Syracuse forced to adjust lineup due to multiple injuries
Injuries have plagued Syracuse early in its season. The team played without veterans Lindsay McCabe and Emily Betteridge during its home opener last Wednesday.
And head coach Leonid Yelin said SU will likely have to finish the season without the junior middle blocker McCabe. The Orange will need younger players to step up and fill the void.
“There’s never a day off no matter what you’re going through,” SU assistant coach Stephanie Cantway said. “We have games to win and games to play and ways to get better.”
After a promising start under Yelin, the Orange has struggled for much of September. The team sits at 7-8 going into its matchup on Wednesday against Niagara. It will be another test for SU as it tries to figure out how to replace McCabe, who earned second-team All-Big East honors after finishing second in the conference with 132 blocks.
Yelin said the doctors aren’t confident that McCabe will be able to recover from an ankle injury, which means the coaches now have to find a new lineup to put out on the court. Yelin said McCabe’s loss is a big one for his team to make up for.
“It’s not fixable,” Yelin said. “From experience, (McCabe) is really athletic. Now we have to go to freshmen. It’s a huge difference. The confidence of the players around is different.”
Cantway said it will be hard to deal with McCabe’s absence in game situations.
But McCabe’s injury isn’t the only one to affect SU through 15 games.
Junior Amanda Kullman has filled in for McCabe and the starting setter Betteridge, who missed the home opener against Binghamton with a foot injury. Cantway said the team has to work harder when a player goes down.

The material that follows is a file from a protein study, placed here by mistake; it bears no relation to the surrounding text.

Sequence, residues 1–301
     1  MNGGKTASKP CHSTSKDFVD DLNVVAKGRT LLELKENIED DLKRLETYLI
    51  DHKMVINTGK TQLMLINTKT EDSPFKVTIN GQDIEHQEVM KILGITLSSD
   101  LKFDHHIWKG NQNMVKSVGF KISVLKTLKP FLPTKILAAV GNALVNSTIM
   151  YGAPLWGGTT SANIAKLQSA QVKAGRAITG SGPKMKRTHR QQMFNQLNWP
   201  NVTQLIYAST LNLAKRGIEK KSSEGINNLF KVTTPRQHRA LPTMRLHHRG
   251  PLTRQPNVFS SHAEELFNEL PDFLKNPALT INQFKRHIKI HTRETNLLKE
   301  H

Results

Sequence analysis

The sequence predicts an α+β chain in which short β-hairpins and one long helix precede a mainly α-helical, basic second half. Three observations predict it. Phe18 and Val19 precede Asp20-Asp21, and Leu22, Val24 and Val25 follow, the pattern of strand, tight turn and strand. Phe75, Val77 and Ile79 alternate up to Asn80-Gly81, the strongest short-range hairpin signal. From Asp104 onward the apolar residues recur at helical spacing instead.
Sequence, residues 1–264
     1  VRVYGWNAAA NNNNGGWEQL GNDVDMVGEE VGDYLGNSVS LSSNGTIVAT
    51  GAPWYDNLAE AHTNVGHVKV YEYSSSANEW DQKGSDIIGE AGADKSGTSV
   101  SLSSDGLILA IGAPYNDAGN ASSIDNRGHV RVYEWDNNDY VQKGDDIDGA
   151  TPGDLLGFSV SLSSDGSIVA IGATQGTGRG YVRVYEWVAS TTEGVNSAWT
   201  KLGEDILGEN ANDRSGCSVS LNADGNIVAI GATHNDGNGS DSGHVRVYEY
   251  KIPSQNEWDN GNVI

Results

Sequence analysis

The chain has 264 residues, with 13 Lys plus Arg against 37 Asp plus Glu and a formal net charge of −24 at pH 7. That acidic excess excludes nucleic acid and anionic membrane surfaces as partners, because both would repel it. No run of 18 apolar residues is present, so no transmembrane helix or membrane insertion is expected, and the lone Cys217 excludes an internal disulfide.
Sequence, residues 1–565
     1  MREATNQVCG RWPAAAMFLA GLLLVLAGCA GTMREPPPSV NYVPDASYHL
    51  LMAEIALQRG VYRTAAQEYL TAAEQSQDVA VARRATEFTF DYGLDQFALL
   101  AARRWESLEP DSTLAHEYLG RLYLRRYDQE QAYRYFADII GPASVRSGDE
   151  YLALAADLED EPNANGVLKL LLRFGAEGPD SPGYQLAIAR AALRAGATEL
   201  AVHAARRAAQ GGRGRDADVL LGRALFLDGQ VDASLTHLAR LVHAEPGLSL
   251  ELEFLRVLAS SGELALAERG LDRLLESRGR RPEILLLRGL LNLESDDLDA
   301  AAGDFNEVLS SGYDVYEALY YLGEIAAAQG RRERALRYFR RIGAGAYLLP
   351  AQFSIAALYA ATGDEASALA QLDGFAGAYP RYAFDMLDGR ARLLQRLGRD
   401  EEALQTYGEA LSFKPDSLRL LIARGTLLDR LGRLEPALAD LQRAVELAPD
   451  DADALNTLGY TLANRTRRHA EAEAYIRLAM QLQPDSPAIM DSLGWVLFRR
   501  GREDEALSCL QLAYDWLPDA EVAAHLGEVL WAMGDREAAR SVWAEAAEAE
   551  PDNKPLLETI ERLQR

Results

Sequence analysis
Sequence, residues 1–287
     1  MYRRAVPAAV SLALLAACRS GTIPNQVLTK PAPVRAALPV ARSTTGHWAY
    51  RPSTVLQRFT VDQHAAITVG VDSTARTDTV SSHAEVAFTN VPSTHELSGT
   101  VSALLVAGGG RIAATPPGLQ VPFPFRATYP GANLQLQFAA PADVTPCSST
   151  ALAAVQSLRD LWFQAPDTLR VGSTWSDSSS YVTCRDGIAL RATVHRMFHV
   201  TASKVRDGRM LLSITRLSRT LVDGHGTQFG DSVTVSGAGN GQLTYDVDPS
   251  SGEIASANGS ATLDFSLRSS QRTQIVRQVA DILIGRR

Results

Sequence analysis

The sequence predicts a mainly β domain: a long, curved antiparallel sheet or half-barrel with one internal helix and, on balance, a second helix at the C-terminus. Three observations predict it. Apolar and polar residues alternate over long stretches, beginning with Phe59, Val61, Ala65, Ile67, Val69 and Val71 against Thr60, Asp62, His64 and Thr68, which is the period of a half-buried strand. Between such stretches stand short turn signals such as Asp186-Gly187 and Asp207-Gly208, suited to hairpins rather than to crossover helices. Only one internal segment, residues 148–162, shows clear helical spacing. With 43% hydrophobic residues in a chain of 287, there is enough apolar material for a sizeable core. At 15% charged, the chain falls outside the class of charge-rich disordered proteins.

“If we don’t have a setter, we need to serve-receive better,” Cantway said. “If we don’t have a setter, we need to be able to create our own shots and have our hitters perform better. I think there’s always things to focus on.”
Despite the frustration resulting from the injuries, the players are looking at this year as a season of growth. Kullman said this season is an important one as Syracuse builds the program under Yelin.
The team can’t let injuries hinder its ability to do so.
“With the new coaches, it’s a new era,” Kullman said. “We want to be something bigger and something better than just the women’s volleyball team. We want people to come to our games and we want to make a statement this year. I think it’s going to take a lot to find out who we are as a team.”
Kullman said role players have to play better to help the team survive without the injured players. The responsibility falls on both the veterans and the younger players, some of who may get the chance to take on an increased role.
“We’re really trying to work together as a team to overcome (the injuries),” she said. “It’s been a long road, but I think a lot of girls have really stepped up, especially a lot of our freshmen.”
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